These are all Iowa Master Angler-sized fish.  I have had entire YEARS where I caught plenty of fish, but none that qualified for Master Angler submission.  The rules state you can only enter one of each species in a given calendar year, and I had already entered a Largemouth Bass and a Pumpkinseed Sunfish this year.  I did enter this crappie, though. :)  Catching 3 Master Angler fish of different species over a span of 3 days....  Very special!  Even more so when considering I typically flyfish small heavily pressured public waters.
I hope the great fishing lasts a while longer, but the season will be changing very dramatically soon.

Fall Urban Trout stocking starts at the end of this week in my county!



Friday, October 14, 2016

Fishing Update... Mid-September thru Mid-October, 2016

Temps are cooling....we've had temps as low as 33 degrees (or less...I've had FROST on my windows a couple mornings).  But some days have seen high temps into the mid 70's and even low 80's.  Fish don't seem as confused as I do....:)








Thursday, October 6, 2016

Ankeny Ponds Map - 2015 Edition

Here is a map to the ponds in Ankeny.  It shows which ones are public or private.  Any public pond, whether designated as a Fishing Pond or not, may be fished.

One error is Sierra Hills Pond.  It is NOT public.  It is PRIVATE and is also posted with signs for NO FISHING.  FYI.
I'm not sure if you can download this from here in a legible size or not.  No problem.  I've also posted the original PDF file here (see link below), which will enable you to view/download/print the PDF at your convenience.
Link to Ankeny Ponds Map

Wednesday, September 21, 2016

Encounters with Nature, Update 9/16/2016

My original post on Encounters with Nature was fun to put together: http://fishndave.blogspot.com/2013/10/encounters-with-nature.html .

Approximately 3 years later, I've got some additional encounter pics to share.  Many of these were included in blogged fishing reports here, but I wanted to compile them into their own blog entry.
Many great encounters involve wildlife, as in the original post....but some cool encounters might also involve plants, weather-related phenomenon, or sunrise/sunsets.  I've included some of those here as well.
Seagull:
I always figured snagging/catching a seagull was bound to happen at some point.  Seagulls will dive-bomb lures, or fly overhead when you are casting lures.  Well, one evening I was wading a shallow flat of a local reservoir, tossing a topwater lure for White Bass.  2 Seagulls had already tried to drop down on the lure and snatch it from the water.  The third one was quicker than I gave it credit for, and it managed to outwit my manuevers of "keep-away".  It caught the lure.  It really could have gone MUCH worse from that point.  But after a few wing flaps, it alighted on the water and calmly allowed me to pull it in, where I used needle-nosed pliers to grab the hook and free it from the gull's beak.  It was not in past the barb, and was not in any fleshy area.  After freeing it, it simply flew away.


Geese & Ducks:
Geese and ducks LOVE my local public ponds.  Some are so overrun by them, you can't take a step around the pond without stepping in their poo.  They muddy the pond waters horribly.  Their poo contributes an amazing amount of fertilizer to the ponds, causing algae blooms that last most of the open-water season.  Geese especially are sometimes extremely loud and obnoxious when all the angler wants is some peace and quiet.  I like 'em....and yet they are something of a nuisance in this situation.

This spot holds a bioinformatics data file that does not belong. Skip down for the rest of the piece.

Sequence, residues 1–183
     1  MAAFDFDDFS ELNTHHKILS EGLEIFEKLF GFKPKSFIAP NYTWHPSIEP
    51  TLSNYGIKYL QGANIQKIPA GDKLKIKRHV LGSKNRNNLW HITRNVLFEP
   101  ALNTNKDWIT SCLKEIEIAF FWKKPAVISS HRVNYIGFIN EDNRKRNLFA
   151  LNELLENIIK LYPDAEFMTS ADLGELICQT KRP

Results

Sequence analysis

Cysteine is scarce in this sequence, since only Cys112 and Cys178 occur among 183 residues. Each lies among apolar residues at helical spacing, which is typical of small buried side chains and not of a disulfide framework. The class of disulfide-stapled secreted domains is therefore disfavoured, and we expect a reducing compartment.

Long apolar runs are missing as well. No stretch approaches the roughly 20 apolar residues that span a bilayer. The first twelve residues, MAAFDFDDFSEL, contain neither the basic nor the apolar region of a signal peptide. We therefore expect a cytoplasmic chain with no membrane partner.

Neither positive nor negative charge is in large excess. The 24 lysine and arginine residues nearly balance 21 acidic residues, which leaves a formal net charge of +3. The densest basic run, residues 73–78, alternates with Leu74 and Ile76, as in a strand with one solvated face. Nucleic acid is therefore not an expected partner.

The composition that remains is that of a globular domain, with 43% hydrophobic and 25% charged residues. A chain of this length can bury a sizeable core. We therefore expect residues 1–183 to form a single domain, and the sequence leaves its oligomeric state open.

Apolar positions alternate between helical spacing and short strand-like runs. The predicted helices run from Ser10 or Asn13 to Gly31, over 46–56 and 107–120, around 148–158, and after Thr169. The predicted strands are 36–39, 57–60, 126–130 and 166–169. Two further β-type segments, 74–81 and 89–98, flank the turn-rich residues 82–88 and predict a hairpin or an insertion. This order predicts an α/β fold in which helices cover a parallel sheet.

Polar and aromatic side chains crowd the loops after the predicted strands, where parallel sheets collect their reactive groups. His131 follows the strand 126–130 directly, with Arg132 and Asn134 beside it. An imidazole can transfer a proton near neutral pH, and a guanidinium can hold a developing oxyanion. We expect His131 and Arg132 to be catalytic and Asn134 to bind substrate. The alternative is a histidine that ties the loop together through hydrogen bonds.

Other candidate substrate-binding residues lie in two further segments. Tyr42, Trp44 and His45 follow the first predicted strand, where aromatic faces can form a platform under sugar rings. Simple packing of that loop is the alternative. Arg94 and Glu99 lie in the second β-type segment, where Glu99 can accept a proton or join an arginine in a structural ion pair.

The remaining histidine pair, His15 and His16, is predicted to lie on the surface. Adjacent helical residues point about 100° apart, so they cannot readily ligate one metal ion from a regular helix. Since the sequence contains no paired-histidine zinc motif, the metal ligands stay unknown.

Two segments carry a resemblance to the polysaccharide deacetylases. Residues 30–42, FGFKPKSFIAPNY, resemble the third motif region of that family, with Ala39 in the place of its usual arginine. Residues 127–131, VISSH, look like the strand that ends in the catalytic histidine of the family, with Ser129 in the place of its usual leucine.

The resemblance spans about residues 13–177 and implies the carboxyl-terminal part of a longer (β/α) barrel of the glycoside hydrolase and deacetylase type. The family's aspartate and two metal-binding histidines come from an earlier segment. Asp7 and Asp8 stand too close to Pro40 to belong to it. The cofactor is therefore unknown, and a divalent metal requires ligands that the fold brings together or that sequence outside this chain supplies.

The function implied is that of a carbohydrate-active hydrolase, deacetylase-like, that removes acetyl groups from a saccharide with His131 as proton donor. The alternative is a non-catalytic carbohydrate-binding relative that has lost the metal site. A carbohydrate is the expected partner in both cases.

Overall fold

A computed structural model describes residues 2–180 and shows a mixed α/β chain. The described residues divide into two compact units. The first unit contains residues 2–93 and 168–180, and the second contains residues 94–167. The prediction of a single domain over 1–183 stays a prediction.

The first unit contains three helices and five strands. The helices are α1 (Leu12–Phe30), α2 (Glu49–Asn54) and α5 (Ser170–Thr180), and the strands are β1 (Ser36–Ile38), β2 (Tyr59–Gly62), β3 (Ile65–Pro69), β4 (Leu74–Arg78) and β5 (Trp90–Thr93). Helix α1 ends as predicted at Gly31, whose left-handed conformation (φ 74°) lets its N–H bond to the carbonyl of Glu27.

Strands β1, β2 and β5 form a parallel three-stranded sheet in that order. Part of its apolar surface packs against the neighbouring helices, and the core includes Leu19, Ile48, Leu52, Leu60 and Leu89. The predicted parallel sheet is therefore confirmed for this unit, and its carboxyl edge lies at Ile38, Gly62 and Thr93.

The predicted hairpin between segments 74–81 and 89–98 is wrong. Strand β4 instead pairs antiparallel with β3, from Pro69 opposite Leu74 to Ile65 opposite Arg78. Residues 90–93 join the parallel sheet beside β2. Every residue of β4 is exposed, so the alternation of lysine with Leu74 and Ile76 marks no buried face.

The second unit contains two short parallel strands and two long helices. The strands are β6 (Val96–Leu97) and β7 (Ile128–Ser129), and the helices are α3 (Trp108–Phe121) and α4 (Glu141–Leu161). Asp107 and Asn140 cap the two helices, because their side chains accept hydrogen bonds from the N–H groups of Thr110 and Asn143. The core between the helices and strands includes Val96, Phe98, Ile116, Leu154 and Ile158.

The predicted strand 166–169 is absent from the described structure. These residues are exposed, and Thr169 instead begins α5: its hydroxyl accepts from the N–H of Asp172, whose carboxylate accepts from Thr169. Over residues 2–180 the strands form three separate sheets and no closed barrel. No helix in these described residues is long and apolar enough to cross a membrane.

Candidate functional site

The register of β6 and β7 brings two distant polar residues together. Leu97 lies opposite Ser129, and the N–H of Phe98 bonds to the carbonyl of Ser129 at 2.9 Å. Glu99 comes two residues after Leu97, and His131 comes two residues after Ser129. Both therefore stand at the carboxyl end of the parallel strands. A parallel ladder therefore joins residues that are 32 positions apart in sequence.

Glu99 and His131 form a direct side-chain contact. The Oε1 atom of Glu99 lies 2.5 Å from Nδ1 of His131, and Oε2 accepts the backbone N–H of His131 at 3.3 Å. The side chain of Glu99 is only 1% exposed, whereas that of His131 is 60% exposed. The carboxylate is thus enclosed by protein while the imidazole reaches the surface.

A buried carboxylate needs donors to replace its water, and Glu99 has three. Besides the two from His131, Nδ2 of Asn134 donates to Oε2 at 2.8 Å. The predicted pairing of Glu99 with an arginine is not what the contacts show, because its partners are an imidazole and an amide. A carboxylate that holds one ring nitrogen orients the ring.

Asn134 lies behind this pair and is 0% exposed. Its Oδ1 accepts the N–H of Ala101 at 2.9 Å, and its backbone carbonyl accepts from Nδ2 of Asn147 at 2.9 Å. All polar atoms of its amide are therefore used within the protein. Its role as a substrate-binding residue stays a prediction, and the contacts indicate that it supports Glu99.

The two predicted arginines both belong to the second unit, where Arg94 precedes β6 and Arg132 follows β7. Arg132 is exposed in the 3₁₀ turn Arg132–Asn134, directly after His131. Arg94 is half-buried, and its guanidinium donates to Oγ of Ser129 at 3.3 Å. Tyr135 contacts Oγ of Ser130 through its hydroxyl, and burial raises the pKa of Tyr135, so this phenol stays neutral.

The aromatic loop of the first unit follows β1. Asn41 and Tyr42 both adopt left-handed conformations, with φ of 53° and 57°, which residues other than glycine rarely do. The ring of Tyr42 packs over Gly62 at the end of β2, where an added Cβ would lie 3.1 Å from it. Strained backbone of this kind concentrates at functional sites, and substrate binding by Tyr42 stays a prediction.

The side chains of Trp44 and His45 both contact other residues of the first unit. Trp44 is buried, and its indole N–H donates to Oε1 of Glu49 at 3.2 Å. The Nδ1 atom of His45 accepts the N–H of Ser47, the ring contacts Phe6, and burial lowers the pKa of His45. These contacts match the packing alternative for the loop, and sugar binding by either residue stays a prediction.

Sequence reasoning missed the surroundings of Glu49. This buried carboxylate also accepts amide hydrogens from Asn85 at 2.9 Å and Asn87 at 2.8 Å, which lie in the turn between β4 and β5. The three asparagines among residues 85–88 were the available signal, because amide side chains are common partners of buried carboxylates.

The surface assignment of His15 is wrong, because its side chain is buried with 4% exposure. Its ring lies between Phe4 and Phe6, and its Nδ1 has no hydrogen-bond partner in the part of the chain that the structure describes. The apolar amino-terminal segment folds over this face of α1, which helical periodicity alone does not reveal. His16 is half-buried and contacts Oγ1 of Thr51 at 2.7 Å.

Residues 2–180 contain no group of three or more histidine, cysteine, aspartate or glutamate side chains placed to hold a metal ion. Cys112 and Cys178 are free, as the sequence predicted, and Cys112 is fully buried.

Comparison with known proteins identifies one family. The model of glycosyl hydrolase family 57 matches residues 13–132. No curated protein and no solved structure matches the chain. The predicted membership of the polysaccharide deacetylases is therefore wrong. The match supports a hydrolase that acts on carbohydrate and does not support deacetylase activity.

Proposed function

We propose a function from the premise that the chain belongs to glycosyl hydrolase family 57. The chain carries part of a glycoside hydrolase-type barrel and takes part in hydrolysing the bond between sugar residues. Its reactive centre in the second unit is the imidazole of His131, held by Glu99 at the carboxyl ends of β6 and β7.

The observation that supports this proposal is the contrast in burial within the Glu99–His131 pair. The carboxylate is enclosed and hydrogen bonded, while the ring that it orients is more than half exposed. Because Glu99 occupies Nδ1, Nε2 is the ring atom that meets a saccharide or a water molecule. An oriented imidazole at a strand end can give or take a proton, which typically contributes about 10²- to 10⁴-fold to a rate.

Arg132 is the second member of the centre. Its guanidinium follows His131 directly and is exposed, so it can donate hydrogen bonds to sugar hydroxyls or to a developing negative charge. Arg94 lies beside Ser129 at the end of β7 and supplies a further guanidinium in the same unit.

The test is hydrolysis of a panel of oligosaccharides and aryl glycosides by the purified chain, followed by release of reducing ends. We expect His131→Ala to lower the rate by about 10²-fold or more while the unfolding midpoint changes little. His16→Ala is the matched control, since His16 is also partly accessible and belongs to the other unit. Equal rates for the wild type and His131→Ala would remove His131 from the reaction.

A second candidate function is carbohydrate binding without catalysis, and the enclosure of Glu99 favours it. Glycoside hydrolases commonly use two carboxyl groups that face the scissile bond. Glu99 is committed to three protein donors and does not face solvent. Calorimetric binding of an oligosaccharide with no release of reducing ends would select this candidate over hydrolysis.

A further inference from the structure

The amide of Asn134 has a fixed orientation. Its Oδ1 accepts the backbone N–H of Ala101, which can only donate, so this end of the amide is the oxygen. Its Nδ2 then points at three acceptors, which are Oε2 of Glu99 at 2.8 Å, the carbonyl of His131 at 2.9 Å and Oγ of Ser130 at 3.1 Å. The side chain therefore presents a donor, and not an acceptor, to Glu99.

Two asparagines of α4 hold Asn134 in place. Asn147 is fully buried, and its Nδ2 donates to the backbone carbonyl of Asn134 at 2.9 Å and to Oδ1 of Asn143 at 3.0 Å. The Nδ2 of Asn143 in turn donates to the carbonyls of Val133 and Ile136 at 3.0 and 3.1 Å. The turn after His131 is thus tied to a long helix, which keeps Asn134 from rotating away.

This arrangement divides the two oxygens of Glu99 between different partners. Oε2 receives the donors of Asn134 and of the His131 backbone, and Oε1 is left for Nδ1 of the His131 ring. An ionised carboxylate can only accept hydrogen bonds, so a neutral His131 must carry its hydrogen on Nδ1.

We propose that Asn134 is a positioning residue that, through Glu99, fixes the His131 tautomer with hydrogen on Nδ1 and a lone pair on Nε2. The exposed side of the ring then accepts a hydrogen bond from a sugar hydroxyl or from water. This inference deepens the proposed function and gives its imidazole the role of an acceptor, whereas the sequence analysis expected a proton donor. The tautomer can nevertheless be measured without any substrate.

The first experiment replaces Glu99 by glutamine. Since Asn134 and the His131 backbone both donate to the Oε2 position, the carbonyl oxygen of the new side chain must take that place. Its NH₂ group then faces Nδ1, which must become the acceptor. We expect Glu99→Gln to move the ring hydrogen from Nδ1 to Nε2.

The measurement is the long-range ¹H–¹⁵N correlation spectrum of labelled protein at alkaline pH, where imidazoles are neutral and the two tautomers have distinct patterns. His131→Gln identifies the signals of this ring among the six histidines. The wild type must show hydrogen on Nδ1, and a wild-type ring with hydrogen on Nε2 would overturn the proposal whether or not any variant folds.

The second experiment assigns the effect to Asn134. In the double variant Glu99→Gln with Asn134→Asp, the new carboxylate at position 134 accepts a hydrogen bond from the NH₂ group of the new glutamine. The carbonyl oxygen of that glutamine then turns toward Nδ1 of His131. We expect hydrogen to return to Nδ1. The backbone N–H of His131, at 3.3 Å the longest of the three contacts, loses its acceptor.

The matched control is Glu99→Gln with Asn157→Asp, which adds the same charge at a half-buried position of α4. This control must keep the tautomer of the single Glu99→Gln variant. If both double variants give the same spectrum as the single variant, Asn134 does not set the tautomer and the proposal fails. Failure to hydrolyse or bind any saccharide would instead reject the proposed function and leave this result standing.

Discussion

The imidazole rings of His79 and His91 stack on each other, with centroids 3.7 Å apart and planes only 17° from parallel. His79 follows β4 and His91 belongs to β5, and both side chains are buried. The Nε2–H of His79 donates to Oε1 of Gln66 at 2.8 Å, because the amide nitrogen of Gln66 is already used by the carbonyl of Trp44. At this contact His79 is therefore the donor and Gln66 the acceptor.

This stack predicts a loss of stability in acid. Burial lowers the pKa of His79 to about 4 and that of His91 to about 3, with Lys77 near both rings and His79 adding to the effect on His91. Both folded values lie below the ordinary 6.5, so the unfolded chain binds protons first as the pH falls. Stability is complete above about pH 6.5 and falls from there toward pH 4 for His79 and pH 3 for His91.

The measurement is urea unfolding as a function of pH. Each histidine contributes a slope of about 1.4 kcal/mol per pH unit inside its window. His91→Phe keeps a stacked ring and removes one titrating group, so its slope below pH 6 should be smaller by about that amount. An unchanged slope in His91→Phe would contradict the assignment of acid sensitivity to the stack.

I even hooked a duck this year that swam over my line.  It was horrible!  It was a female, and once hooked, a group of male ducks swarmed her and began doing what male ducks do to female ducks...as I tried to use my line to pull her away from them.  It was several minutes of absolute mayhem....feathers flying & flapping wings everwhere!  The hook finally came loose.  I was mortified at what had just happened!

Redwing Blackbird:
These birds can be very protective if you get near their patch of cattails!  They will ruthlessly dive-bomb you, raise heck, and even hit you.  I ignored this one, but it finally got brave enough to tap my on top of my hat....so without looking up, I pointed my fly rod straight above me and made some slow circles in the air.  The rod gently bumped the bird still hovering over me, but that bump seemed to discourage it from bothering me further.  No need to be mean to the bird, right?


Cliff Swallow:
In keeping with the bird theme...I blindly "lassoed" a Cliff Swallow out of mid-air during a backcast while flyfishing.  Only the line was around the bird, the hook did not catch it.  It flew away just fine.

Other Birds:
I forget now what I determined this to be...Dowitcher?....but its the only time I've ever seen one in Iowa.  Must have been migrating through?


Turtles:


Deer:
Deer are generally good about keeping their distance.  Its always nice to see them out and about when I'm fishing.

Bugs:
Of course there are the pesky, annoying bugs like mosquitos and biting flies that hang around near water.
Definitely a very personal "encounter with nature" each time.  But who wants to photograph those?
So here's some of the more interesting insects might see when enjoying the great outdoors.





Brood III of the 17-Year Cicadas:


Bald-Faced Hornets:

Cicada Killer:

Ebony Jewelwing Damselfly:

Sunsets and Skies:
I'm rarely fishing before sunrise these days.  But I frequently fish beyond sunset.
















Mink:
I see these occasionally around the ponds.